God Is Always Ready To Help Us!
We will face perplexities and problems all of our lives.
Many times we are hindered by potential difficulties.
Often we will seek help from people, ourselves, and then, finally, from God.
I can imagine when we come to God that His response could be, "Why did you wait so long to ask for help?"
So often there is a time period between when we become aware of a problem,
and when we finally allow God to help us.
Someone has suggested that we go through the process of what he called the four looks.
The first look is the outward look to others for help.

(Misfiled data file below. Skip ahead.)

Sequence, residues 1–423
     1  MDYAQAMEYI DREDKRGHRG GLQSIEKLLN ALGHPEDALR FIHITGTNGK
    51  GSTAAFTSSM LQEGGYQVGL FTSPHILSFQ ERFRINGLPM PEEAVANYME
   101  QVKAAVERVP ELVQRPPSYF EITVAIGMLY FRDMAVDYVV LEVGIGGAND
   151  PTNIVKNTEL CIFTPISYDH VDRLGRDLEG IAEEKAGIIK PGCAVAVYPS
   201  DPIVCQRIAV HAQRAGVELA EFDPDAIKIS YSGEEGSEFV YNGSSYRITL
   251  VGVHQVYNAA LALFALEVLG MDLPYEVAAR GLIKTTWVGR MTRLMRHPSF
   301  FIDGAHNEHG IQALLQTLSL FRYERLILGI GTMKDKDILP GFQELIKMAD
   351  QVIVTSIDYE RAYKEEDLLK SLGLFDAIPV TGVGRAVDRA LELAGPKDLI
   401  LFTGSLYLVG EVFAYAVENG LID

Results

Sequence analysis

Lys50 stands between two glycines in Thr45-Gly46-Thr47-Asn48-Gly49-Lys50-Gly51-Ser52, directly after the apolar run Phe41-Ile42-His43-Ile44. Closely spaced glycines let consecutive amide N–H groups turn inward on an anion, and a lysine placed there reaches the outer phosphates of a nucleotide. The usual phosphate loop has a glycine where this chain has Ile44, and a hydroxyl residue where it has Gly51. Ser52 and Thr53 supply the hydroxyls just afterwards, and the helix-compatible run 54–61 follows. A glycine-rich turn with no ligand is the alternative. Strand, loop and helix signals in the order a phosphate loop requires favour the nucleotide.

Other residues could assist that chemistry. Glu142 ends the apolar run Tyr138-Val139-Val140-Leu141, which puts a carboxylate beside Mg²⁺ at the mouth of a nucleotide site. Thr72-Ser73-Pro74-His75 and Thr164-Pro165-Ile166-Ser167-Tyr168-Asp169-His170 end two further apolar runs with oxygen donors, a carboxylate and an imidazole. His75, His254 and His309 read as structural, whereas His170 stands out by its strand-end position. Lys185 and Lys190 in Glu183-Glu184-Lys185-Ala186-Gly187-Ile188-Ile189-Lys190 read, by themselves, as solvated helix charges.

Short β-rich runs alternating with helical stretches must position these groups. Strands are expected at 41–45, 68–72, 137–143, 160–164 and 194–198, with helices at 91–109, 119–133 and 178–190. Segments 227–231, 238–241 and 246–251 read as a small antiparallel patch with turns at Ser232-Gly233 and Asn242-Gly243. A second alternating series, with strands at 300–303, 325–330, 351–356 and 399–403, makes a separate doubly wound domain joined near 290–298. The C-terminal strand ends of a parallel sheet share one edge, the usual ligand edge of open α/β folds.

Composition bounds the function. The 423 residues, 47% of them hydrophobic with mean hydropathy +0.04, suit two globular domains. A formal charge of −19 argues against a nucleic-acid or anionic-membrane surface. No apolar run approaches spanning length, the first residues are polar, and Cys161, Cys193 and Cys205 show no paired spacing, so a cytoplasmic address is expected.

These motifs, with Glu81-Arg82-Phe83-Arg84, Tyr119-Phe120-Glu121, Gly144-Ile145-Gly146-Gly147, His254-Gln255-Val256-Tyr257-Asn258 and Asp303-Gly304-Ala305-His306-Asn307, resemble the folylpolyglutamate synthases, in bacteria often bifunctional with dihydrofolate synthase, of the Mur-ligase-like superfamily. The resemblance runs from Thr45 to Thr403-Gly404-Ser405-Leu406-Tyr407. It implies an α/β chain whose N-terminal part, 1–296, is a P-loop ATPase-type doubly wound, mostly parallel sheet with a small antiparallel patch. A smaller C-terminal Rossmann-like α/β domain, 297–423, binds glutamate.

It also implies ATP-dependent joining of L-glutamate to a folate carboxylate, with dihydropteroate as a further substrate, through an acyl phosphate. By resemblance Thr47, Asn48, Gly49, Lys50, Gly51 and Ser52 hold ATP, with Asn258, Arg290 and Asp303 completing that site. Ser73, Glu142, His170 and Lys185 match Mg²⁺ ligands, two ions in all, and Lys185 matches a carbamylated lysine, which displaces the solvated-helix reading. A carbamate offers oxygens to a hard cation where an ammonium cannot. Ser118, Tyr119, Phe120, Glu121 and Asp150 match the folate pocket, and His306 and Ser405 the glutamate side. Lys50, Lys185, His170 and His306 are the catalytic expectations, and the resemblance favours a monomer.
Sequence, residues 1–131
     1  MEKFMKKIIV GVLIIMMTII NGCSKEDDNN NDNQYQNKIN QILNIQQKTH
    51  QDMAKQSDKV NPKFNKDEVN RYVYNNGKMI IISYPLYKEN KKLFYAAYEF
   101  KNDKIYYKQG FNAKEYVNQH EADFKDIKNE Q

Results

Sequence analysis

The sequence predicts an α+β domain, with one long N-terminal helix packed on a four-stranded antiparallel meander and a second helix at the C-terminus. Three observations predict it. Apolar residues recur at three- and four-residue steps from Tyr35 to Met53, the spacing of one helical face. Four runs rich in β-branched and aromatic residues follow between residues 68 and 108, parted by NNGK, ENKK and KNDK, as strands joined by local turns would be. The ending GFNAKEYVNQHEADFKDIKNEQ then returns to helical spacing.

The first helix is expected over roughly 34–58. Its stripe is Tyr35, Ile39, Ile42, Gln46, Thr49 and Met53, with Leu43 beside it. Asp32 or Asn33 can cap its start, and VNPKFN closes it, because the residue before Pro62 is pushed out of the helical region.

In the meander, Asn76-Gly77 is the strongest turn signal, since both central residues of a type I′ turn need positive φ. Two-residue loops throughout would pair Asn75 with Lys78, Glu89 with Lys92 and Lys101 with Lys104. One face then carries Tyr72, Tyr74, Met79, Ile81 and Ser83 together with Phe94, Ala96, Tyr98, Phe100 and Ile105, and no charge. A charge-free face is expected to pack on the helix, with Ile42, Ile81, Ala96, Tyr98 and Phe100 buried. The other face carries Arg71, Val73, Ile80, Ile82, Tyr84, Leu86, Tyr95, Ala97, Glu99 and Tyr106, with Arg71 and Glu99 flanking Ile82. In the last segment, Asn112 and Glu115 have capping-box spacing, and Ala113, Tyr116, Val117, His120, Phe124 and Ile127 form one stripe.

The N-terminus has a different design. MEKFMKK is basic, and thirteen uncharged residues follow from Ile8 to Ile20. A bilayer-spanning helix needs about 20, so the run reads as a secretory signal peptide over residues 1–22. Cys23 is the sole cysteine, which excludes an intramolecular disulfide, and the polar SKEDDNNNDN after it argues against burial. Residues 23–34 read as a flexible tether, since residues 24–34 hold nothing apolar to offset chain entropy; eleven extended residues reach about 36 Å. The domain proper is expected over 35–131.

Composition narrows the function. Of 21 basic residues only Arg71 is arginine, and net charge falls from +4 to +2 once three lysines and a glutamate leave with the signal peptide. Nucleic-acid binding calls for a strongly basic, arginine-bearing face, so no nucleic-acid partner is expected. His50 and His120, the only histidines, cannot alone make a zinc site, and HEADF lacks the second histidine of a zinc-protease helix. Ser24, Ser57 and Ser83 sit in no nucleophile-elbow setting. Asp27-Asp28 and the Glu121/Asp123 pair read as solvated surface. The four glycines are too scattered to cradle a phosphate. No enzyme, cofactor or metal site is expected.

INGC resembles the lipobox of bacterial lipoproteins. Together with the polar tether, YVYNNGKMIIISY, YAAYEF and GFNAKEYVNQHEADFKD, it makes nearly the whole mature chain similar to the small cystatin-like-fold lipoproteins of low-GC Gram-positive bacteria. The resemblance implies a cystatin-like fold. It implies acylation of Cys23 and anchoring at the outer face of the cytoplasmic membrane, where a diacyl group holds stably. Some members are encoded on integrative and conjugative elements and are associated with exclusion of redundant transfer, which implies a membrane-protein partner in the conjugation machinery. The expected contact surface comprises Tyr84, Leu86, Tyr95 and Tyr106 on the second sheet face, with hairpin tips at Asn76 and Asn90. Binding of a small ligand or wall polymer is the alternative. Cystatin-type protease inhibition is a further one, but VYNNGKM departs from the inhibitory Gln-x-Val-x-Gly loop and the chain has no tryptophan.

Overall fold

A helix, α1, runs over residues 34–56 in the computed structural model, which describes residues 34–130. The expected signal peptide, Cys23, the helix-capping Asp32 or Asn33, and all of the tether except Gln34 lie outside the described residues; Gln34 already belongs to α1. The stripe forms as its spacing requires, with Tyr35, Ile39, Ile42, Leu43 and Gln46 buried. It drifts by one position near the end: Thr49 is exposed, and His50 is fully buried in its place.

Second is the inward look to discover our own abilities.
Third is the upward look to God.
Fourth is the forward look to the future.
We must learn to move to the last two looks more quickly really we need to look
immediately to God for help.
A pastor tells of a woman in his church who shared with him what to her was an overwhelming problem.
She described herself as done in, tired out, and uptight in meeting the needs of her family.
Her pastor asked, "Why not let God help you?"
The woman responded, "That's a strange way of putting it.
Are you saying that I have a choice?"
The pastor immediately answered, "Yes, you have a decision to make.
Are you going to manage this problem on your own or are you going to ask God for help."
The woman said to her pastor, "Are you suggesting that I may be blocking God's efforts to help me.
I have tried everything and everybody else.
How do I let God help me?"